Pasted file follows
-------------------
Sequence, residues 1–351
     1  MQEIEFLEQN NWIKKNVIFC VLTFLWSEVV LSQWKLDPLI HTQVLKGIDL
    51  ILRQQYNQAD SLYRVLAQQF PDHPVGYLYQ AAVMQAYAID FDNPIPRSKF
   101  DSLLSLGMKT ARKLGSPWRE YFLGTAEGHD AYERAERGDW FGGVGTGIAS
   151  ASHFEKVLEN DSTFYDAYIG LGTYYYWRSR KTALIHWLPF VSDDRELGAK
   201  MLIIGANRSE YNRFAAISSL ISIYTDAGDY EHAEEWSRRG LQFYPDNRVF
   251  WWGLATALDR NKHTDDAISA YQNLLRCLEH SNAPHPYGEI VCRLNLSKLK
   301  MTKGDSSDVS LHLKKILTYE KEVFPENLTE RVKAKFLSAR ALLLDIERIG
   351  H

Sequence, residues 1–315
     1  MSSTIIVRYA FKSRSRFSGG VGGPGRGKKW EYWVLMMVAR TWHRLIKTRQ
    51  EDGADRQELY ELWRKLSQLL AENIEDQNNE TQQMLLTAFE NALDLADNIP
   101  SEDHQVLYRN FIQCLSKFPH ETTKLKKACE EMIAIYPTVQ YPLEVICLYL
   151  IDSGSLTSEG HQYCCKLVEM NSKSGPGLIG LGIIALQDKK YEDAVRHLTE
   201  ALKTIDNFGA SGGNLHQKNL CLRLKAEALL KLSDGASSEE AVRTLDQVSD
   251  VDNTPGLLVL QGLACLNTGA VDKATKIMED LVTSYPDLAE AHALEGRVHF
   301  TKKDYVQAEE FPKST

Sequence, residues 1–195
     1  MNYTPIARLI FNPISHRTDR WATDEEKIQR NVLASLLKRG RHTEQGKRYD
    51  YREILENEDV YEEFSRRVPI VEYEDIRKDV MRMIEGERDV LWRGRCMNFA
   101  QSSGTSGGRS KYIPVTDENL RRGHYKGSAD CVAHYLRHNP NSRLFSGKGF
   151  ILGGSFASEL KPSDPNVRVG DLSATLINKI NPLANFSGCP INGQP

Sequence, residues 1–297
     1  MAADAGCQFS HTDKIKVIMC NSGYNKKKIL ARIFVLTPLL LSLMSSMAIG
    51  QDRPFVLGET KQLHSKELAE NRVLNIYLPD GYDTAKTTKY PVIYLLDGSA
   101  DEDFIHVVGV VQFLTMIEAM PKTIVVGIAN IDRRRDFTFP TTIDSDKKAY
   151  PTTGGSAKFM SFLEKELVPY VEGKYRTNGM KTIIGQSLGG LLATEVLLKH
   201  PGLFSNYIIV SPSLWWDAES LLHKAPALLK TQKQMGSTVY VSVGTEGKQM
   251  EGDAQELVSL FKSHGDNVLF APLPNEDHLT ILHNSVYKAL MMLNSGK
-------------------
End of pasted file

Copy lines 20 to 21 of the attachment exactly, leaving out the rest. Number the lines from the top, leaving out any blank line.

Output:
    51  YREILENEDV YEEFSRRVPI VEYEDIRKDV MRMIEGERDV LWRGRCMNFA
   101  QSSGTSGGRS KYIPVTDENL RRGHYKGSAD CVAHYLRHNP NSRLFSGKGF